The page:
BRIGGS: Breaking Down Gasoline Prices

The general public often thinks the President of the United States has a button or lever that he can simply adjust gasoline prices higher or lower. This, however, is simply not the case. Many factors go into the breakdown of a gallon of gasoline. International geo-political matters, the price of crude oil and state and federal taxes are just a few items that play into the price of gasoline.

As the majority of the United States’ crude oil supply has been imported from the Middle East for the past several decades, instability in that region of the world has cost American’s at the pump. How? The daily price for a barrel of crude oil is the largest cost contributor for the price of a gallon of gasoline. So as wars and rumors of wars have taken place in Iraq, Iran, Saudi Arabia and Israel, the price for crude oil has continually risen.

As the United States is experiencing the current shale revolution and crude oil is being explored and produced in shale plays like the Bakken and Eagle Ford, relief at the pump is a down-the-road hope. As U.S. crude oil imports fall, hopefully, U.S. gasoline prices will follow suit.

As crude oil is the largest contributor to the price of a gallon of gasoline, we can now break down the price more specifically. For a visual example, if a gallon of gasoline cost you the consumer $4.21 at the pump, here is the breakdown for the cost involved:

  • Crude oil: $2.66
  • Distribution and marketing cost, profits: $0.19
  • Refinery cost and profits: $0.71
  • State underground storage and tank fee: $ 0.02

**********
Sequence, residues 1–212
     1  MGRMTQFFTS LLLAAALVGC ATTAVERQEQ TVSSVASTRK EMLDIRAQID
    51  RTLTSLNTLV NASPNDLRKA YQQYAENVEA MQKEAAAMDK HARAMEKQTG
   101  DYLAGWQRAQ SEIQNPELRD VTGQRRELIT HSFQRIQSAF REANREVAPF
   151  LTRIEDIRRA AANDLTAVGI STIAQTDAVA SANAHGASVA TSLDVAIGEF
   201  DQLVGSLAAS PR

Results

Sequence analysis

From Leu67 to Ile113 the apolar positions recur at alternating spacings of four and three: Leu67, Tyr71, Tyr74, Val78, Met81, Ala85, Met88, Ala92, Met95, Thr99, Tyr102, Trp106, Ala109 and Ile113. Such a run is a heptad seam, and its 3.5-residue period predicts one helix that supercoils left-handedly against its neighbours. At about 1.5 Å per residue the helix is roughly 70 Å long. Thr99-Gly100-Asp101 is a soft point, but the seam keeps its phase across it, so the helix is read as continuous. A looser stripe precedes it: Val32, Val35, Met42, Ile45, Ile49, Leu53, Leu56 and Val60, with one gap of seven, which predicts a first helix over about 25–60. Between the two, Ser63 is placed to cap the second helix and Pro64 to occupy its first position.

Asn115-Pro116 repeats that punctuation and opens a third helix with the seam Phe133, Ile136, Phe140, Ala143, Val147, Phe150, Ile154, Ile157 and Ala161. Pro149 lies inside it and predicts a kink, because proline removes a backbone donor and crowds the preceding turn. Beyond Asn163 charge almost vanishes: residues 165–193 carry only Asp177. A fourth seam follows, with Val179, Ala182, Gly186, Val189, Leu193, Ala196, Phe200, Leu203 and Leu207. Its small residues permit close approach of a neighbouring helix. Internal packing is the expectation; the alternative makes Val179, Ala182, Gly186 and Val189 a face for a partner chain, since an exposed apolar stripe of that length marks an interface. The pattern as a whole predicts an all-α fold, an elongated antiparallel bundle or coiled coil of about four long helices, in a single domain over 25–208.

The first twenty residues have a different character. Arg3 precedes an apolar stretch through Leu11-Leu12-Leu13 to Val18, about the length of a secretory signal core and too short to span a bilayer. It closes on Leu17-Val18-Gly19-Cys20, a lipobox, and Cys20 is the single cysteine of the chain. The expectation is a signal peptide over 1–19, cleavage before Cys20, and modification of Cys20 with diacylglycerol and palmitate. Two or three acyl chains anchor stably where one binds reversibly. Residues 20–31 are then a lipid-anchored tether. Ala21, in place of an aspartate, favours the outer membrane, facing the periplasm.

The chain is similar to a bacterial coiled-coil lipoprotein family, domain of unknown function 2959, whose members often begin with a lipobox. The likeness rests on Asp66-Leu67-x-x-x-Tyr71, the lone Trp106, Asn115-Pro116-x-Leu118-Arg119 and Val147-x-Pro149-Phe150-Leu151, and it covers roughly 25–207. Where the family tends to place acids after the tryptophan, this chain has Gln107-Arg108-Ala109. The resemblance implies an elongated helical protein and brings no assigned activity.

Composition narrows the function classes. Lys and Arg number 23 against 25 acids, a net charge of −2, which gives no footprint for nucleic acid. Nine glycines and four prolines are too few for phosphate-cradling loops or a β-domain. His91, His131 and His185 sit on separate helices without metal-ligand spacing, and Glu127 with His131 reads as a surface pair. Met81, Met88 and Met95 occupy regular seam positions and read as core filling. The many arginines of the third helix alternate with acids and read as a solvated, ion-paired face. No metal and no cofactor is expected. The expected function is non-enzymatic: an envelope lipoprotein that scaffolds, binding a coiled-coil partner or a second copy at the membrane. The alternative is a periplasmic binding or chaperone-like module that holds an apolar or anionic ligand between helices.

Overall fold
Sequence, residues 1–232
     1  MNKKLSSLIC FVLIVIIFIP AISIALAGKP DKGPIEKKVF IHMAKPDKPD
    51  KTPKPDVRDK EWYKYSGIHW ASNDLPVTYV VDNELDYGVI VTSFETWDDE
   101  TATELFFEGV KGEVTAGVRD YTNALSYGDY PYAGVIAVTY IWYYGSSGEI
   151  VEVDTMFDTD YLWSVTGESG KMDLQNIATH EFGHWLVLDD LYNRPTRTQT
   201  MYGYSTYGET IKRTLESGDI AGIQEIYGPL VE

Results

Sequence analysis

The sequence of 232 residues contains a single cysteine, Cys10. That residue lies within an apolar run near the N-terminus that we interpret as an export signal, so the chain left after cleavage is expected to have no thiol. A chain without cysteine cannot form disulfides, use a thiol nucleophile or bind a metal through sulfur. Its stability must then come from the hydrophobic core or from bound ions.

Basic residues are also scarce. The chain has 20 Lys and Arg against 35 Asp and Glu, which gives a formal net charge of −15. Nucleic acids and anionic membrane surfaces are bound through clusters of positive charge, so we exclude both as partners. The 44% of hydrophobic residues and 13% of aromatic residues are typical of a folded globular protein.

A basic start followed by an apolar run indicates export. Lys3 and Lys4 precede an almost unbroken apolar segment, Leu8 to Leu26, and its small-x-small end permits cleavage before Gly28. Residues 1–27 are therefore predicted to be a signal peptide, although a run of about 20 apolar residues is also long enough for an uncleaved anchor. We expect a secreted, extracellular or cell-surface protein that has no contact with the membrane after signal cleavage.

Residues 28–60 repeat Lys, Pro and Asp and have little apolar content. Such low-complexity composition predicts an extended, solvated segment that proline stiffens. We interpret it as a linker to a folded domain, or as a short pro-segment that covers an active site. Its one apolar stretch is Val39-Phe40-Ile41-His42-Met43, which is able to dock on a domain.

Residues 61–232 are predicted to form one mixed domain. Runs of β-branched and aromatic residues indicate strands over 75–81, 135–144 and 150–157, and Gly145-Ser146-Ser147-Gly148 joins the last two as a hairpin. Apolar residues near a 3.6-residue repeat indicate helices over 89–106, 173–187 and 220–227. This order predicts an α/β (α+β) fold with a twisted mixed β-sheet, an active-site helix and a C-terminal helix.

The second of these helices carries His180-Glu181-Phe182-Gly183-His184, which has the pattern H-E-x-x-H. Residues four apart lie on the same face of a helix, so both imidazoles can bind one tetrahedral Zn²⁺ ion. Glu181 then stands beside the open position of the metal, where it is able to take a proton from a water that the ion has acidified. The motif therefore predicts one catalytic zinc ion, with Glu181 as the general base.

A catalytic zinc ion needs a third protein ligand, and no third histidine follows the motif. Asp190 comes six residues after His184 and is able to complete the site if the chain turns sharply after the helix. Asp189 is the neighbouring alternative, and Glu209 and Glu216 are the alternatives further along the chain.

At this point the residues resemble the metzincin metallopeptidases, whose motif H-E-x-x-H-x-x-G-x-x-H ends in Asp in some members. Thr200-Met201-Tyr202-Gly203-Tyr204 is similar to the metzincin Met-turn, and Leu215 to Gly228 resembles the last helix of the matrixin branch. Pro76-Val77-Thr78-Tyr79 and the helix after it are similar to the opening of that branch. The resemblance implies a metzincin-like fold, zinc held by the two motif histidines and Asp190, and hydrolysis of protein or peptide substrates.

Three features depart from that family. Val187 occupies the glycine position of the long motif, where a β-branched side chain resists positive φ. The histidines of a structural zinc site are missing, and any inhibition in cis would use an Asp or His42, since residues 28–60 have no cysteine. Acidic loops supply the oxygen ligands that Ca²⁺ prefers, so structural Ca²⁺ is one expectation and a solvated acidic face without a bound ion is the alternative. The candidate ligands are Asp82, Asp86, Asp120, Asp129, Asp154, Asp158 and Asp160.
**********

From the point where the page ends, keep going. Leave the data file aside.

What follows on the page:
• State, local sales tax: $0.09
  • State excise tax: $0.36
  • Federal excise tax $0.18

All of the costs together help us reach a retail price of $4.21. So now the question is answered as to why prices fluctuate by city, parish/county and by state. So for example, California’s taxes and storage fees might be much greater than those of Mississippi or Kentucky.

Some other factors that must be considered in the mix of the prices are the different blends of fuel that the Environmental Protection Agency (EPA) requires for different times of the year. Winter blends of fuel are often less expensive than those that are used in the summer months. Hence the reason for higher prices at the pump for holiday weekends that happen to fall in the summer, such as the Fourth of July or Labor Day weekend.

Also, scheduled and non-schedule shut downs at the refineries can drive the price of gasoline up. When a refinery goes offline for yearly maintenance or when a super storm strikes an entire region of our country, the price is driven up due to a simple supply and demand issue. Less fuel is being produced at the refineries, the demand is still great, and prices can go up. This is not price gauging, it is simply the market adjusting, as we would see in any commodity market. Gasoline prices might not drastically come down in the very near future, but our country is on the right path to reducing this necessary cost: our gasoline bill.



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